Central Park History
Without question, the Central Park area is one of Tampa's most culturally and historically rich neighborhoods. With Central Avenue serving as the economic engine, Central Park was once a thriving African-American business and entertainment district. The late Ray Charles recorded his first song, Found My Baby There, while residing at 813 Short Emery St. It was during a Central Park performance that Hank Ballard and the Midnighters asked the kids in the audience the name of the dance they were performing. The kids shouted, "The Twist." Hank later wrote and recorded the legendary song that launched Chubby Checker into the limelight. Portions of the 1964 movie, Black Like Me, starring James Whitmore, were filmed along Central Avenue.
Despite its achievements, the neighborhood could not escape the racial and economic struggles that prevailed in many inner-city neighborhoods during the 1960's. A racial disturbance in 1967 helped seal the demise of the Central Avenue business corridor. Since then, neglect and disenfranchisement have largely characterized the area.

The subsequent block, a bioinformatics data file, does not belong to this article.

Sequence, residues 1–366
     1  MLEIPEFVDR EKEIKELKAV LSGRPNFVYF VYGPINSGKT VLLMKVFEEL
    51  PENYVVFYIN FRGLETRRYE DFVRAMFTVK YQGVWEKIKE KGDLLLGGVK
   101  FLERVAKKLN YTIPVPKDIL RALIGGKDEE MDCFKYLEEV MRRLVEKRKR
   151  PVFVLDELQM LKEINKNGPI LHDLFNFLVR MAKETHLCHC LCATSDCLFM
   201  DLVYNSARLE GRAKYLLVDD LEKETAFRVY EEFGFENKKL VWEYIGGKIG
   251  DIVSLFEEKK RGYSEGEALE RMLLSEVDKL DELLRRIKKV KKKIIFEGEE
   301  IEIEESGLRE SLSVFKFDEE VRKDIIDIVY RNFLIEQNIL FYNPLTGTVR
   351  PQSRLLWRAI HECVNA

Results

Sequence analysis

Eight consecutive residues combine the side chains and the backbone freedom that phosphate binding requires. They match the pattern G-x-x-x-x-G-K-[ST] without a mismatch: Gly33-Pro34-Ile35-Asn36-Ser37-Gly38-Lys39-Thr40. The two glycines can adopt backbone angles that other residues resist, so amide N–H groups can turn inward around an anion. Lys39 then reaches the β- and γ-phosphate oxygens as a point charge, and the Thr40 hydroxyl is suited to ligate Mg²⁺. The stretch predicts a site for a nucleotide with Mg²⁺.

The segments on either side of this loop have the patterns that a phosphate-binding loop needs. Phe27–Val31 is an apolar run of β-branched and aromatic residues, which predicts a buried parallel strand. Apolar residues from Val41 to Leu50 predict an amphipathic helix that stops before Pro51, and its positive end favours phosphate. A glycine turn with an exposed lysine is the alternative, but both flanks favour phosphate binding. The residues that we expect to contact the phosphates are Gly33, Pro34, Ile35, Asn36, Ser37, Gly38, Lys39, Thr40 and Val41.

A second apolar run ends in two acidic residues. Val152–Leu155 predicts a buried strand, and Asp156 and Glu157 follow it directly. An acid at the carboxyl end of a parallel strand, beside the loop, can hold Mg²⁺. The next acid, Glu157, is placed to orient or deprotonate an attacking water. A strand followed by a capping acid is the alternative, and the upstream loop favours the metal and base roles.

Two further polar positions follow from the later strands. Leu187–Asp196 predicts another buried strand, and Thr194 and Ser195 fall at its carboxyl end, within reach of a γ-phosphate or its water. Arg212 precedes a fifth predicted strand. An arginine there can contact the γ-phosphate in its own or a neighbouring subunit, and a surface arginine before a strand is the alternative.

In an effort to stimulate growth, Tampa City Council adopted the Central Park Community Redevelopment Plan in June 2006. The plan identifies measures to foster public/private partnerships that will help maximize redevelopment investment in a manner that respects the unique history and is inclusive of the community's vision for the neighborhood.